Create a well-labelled storage system to stack LMs. This way you not only reduce clutter but also know exactly where to look for a particular product when you need it again. Remember to store liquids such as paint in safe, temperature-regulated areas to prevent spoilage.

Larger leftover pieces such as wooden panels or tiles may prove difficult to store. In such cases, try reselling them online or to local workshops and builders who might find value in them.

Go digital for planning and design related leftovers. Whether it’s paint swatches or fabric samples, digitise them for quick referencing sans clutter.

Proper disposal techniques

We’ve mentioned reusing and storing leftover materials, but what about those that are beyond salvage? Proper disposal techniques are critical in managing these loads without harming the environment.

Begin by sorting your waste into bins: one for recyclable materials such as paper, plastic or certain types of metal and a separate one for non-recyclable items. Be particularly careful when disposing paints or chemical solvents, as they pose environmental hazards when improperly discarded.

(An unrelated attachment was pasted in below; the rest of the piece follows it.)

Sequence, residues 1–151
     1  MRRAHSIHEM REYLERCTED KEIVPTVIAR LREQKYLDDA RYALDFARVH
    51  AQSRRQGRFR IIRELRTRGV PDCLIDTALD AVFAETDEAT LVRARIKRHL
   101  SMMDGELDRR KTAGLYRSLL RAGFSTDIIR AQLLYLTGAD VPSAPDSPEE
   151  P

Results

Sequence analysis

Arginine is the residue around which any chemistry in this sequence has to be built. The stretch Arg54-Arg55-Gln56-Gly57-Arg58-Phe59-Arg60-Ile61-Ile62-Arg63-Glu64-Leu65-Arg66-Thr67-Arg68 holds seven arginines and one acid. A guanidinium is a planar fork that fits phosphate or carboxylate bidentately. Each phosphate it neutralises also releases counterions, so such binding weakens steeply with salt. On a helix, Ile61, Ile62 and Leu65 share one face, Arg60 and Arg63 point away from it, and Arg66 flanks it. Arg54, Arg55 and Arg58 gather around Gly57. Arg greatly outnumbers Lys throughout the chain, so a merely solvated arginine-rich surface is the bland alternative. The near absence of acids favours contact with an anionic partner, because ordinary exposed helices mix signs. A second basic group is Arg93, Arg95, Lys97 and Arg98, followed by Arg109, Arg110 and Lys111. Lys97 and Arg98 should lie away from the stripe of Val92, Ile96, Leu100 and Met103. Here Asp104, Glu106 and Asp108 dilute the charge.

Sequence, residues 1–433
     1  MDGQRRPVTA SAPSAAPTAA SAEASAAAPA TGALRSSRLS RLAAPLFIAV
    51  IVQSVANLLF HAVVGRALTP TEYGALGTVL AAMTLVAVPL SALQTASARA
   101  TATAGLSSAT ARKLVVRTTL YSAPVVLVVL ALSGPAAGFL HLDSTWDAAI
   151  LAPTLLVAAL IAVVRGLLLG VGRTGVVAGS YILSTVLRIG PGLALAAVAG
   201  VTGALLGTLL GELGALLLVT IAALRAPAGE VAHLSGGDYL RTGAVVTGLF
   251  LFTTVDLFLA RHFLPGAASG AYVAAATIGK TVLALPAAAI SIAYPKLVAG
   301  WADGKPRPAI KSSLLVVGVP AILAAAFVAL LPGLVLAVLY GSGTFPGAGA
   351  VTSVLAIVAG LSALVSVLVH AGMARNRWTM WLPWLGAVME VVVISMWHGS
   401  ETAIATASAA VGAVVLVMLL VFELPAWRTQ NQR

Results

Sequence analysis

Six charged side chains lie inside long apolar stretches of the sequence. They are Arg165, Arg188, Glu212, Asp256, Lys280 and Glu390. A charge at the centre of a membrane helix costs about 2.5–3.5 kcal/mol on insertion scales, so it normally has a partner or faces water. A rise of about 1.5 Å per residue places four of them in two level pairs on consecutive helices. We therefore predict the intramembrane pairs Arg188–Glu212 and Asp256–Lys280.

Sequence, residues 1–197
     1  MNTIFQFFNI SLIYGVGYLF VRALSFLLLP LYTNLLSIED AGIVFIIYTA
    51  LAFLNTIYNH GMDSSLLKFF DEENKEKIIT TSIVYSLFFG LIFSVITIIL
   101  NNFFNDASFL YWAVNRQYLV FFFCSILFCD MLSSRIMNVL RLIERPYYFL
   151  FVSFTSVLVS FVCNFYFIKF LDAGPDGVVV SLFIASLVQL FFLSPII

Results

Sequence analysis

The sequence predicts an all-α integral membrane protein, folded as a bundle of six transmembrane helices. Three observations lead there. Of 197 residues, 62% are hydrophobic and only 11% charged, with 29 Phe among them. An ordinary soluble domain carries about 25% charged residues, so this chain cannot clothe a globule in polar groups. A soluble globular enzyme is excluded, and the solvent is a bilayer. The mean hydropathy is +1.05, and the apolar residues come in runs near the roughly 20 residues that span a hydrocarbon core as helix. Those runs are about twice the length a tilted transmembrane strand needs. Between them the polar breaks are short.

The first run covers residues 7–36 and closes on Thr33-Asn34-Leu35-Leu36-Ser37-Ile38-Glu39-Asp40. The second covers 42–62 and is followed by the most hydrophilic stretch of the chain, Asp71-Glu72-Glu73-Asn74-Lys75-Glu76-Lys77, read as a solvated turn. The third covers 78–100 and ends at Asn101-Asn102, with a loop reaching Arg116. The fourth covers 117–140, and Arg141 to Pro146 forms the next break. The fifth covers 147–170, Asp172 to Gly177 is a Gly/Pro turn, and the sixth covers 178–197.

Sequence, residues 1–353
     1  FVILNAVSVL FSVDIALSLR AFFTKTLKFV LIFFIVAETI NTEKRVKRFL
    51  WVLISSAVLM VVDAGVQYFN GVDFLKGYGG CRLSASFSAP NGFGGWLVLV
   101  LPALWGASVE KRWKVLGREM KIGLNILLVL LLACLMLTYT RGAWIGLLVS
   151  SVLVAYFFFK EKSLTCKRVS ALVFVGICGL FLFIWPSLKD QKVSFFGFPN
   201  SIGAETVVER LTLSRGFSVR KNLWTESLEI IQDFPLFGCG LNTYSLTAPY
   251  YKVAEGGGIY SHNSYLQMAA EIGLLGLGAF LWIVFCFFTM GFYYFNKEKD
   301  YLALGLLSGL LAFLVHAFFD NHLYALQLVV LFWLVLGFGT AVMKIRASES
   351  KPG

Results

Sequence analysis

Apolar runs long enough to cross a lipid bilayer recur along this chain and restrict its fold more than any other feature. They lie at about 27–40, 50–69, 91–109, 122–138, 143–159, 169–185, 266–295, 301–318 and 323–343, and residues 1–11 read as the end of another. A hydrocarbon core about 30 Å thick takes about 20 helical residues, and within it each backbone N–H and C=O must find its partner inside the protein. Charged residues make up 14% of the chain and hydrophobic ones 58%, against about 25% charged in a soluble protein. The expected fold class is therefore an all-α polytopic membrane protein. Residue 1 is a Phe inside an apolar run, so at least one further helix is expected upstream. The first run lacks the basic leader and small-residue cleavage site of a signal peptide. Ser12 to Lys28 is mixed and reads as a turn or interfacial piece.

Contact your local waste disposal unit or hire professionals who can take care of appropriate waste segregation and disposal. You can also consider donating functioning items that you no longer need post-decoration to local charities or shelters.

Remember, your personal choice can make a strong impact on global sustainability initiatives. So always dispose wisely!

Recycling decorative materials

As a décor enthusiast, you will often find leftover decorative items such as old ornaments, finished candles and decorative papers. Instead of leaving them gathering dust, consider recycling these components. This is not only an environmentally friendly measure but can also boost creativity in future projects.